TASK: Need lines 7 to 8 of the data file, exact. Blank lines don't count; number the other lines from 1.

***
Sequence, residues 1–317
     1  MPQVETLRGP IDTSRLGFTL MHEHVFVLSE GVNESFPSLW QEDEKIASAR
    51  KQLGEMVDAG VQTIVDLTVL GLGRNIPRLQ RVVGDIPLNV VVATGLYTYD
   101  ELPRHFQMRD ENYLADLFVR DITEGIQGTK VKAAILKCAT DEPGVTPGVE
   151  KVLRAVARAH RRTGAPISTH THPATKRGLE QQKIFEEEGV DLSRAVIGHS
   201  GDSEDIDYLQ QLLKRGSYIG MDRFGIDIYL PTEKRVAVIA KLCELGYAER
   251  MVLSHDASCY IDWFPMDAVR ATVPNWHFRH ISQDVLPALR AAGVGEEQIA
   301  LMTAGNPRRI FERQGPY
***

   251  MVLSHDASCY IDWFPMDAVR ATVPNWHFRH ISQDVLPALR AAGVGEEQIA
   301  LMTAGNPRRI FERQGPY